As the countdown to Black Friday 2016 begins, Drapers looks at what retailers expect from this year’s discounting extravaganza.
Black Friday is still a relatively new event in the UK. The American discounting day, which occurs on the last Friday of November, is approaching its third year on British shores and retailers are still trying to get to grips with the unpredictable concept. Scenes of chaos as shoppers stampeded into stores and fought over bargains in 2014 convinced many consumers to stay at home and shop online on Black Friday 2015. Although this was an annoyance for businesses that had invested in additional staff to open shops early and close late, pure-plays and retailers with strong websites benefited.
However, some websites suffered under the weight of demand. John Lewis was among those to experience technical difficulties November 27, losing an estimated £2.8m in revenue when its website crashed between 3pm and 4pm.
With just four months to go until this year’s event on Friday November 25, retailers are already preparing for the increased website traffic and added strain on delivery systems that Black Friday brings.
A strong online offer will be even more important this year, says Shop Direct’s group product director, Matt Dixon: “Black Friday has overwhelmingly become an online event and this year will be more about mobile than ever before. We believe it’ll get bigger and better in 2016, and we’ve planned for this in mind.”
He continues: “Our preparation is months in the making and it has to be. It means things like preparing personalised mobile marketing so we grab customers’ attention; website load testing to make sure we can handle the huge volume of site visits we’ll get on the day; and working with delivery partners so we’re able to keep our promises to customers.”
Womenswear etailer Pretty Little Thing has also strengthened its website for 2016.
“Extensive work has been carried out to improve our overall site stability and delivery service. We have also introduced advanced merchandising tools in order to help strengthen and improve the customer journey experience over Black Friday,” says marketing manager Nicki Capstick.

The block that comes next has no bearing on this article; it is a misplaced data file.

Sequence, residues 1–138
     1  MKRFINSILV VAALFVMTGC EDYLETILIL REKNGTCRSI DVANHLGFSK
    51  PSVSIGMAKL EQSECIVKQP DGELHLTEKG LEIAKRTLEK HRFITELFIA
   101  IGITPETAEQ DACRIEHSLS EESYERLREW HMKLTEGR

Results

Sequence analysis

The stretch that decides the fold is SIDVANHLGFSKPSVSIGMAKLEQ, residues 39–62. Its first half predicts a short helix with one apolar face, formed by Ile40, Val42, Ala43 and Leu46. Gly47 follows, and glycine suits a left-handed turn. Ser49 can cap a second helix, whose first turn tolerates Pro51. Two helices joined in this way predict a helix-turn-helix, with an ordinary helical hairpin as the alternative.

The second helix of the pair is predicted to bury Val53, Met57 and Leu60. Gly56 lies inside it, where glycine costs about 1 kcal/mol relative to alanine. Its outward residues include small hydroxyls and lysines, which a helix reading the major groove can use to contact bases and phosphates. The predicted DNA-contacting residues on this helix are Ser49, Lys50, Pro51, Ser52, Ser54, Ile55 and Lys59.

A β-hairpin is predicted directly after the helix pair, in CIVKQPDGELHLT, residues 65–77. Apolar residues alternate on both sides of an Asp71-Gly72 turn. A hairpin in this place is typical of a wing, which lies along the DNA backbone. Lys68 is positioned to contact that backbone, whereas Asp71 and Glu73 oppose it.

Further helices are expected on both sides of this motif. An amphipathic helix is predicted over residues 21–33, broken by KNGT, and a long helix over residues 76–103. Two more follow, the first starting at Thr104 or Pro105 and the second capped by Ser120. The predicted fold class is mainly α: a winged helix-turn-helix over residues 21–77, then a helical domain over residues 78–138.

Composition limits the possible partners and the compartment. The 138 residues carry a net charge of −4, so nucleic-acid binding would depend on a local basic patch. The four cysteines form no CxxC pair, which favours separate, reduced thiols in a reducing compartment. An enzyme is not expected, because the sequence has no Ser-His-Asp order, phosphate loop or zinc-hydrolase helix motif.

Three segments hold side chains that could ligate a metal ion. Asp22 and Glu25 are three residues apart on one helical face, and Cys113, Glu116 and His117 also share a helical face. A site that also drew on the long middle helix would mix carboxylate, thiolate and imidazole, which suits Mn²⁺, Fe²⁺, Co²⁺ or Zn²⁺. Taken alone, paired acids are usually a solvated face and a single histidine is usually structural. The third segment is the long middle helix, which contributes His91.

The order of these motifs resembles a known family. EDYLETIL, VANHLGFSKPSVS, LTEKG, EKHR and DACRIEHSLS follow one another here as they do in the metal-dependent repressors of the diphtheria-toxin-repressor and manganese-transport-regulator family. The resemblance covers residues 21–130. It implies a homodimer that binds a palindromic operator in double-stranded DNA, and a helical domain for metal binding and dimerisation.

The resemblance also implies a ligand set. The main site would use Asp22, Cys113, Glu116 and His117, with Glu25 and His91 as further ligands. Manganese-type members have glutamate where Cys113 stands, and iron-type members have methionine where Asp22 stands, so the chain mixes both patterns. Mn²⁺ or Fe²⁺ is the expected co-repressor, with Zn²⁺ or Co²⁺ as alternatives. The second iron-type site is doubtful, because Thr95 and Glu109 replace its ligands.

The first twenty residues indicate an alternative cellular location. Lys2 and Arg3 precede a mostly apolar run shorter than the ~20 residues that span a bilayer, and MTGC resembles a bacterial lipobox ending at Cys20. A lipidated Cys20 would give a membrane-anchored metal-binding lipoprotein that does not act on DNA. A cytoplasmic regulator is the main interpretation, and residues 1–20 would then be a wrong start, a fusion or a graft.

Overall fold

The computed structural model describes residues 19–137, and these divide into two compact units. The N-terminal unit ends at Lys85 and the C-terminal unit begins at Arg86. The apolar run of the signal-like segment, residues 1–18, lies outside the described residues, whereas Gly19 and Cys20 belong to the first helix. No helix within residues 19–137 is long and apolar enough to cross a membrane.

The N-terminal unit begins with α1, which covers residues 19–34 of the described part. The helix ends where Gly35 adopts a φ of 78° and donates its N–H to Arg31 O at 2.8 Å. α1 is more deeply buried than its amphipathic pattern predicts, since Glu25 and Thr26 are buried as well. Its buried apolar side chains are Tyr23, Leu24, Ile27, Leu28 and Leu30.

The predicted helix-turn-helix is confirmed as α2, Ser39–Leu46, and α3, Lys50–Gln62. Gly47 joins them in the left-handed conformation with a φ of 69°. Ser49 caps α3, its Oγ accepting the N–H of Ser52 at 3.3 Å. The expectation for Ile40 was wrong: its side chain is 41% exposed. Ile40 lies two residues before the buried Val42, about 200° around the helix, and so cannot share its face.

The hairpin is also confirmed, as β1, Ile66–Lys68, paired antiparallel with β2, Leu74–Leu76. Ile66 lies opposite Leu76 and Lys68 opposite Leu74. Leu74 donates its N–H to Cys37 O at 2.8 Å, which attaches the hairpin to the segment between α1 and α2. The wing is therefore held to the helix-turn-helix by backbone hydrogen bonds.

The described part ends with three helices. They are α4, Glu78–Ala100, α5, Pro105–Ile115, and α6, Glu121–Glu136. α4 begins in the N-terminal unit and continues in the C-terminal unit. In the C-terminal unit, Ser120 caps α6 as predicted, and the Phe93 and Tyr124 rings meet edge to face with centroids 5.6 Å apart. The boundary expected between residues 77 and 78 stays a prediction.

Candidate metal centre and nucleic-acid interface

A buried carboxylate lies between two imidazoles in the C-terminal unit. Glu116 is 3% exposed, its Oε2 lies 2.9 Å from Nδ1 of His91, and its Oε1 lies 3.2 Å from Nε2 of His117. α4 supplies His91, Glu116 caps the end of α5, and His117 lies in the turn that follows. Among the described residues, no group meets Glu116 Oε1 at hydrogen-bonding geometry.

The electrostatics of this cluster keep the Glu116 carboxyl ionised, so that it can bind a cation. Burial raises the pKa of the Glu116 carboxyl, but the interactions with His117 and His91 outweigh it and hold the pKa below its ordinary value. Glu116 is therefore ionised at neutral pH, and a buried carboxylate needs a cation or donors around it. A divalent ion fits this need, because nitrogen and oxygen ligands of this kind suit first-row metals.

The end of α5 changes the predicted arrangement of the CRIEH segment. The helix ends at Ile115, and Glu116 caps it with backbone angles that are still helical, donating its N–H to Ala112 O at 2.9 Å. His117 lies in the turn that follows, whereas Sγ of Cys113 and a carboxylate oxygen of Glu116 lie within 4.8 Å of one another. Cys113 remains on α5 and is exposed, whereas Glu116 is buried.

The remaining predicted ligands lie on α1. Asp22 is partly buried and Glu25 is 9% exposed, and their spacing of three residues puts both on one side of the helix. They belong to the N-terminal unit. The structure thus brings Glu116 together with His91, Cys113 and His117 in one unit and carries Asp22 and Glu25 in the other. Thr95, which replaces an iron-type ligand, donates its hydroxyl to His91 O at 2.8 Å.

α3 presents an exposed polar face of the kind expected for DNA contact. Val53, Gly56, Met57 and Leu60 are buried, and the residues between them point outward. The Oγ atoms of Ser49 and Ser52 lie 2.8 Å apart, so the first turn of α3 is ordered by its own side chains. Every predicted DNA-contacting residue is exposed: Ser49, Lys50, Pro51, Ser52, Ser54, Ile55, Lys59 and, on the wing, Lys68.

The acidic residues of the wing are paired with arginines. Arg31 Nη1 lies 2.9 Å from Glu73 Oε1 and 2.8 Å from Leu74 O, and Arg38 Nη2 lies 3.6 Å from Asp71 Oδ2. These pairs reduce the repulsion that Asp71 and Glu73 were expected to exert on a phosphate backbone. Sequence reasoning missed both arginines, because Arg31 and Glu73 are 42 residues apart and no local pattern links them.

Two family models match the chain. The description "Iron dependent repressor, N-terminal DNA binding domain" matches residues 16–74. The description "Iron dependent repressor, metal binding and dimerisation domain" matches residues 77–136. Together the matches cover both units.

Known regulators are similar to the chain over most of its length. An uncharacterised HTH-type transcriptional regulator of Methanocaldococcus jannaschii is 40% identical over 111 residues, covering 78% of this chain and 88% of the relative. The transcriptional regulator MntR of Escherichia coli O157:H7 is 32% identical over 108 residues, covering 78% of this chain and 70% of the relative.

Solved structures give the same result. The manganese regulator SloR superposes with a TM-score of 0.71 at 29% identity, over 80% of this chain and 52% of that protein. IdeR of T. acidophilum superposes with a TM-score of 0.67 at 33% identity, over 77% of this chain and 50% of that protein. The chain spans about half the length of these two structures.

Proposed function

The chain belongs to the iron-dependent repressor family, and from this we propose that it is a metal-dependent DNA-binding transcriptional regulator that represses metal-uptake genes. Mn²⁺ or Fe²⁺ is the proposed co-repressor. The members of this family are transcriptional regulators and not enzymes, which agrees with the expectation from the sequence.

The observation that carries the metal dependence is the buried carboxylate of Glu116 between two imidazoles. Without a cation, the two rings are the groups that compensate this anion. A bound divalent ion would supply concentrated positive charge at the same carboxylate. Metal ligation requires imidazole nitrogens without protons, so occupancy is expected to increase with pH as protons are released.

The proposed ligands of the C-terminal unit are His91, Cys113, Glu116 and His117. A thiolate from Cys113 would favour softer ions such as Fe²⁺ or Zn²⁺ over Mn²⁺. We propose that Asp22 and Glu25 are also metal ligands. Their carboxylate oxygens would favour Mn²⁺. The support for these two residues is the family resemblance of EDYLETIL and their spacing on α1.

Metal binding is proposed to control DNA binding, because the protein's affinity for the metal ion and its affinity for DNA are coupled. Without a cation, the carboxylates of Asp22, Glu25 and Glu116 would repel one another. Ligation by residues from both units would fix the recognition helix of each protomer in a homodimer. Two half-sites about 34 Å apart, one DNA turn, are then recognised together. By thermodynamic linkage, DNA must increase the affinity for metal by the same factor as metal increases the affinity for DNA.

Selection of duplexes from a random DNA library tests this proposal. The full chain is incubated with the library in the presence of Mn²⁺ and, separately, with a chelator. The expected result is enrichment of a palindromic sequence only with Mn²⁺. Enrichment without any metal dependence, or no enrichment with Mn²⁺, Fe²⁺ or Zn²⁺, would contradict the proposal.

Promotions are also likely to start earlier and last longer in 2016, continuing a trend from last year, etail association IMRG predicts. Editor Andy Mulcahy expects the average Black Friday campaign to last for around seven days, as retailers opt for a week of deals rather than a day-long flash Sale or long weekend spanning Black Friday to Cyber Monday.
“This year, the online-only retailers are telling us they will be offering discounts for eight days and the multichannel retailers are going for six. This is because weekends are coming into play. Multichannel will do better over the weekend because people can get to the shops, so online will compete by extending their campaigns over the previous weekend.”
The real challenge for retailers ahead of Black Friday 2016, Mulcahy adds, will be knowing when to start discounting: “Many retailers are competing for the same customers, so they don’t want to go on Sale after their competitors. But they don’t want to go too early either and risk consumers waiting for their competitor’s Sale the next day. The quality of retailers’ campaigns is really going to matter this year, as other sectors such as leisure join in the Black Friday noise.”
Jigsaw was one of the few who chose to stay out of the scrum in 2015. The company set out its reasons for not taking part in a defiant manifesto on its website, using the tagline “reduced by nothing, standing for something”. Supermarket Asda also cancelled its Black Friday plans last year, despite leading the charge in 2014, reporting that customers had said they did not want “to be held hostage to a day or two of Sales”.
Jigsaw chief executive Peter Ruis tells Drapers he does not expect other retailers to follow its lead, despite a positive response from customers: “I fear that because of Brexit, we will see even more of a bun fight this year. Because of what’s happening with the referendum and the dollar, people will have put prices up to an artificial level and then will discount to the real price, which will confuse customers.”
For most retailers, there is no doubt that Black Friday is here to stay. But the debate on how and where resources are best spent is entering a new phase as consumers increasingly favour online deals over shopping in store. Retailers will need a clever campaign, robust systems and websites able to keep up with heavy traffic, to kick off the festive period on a high.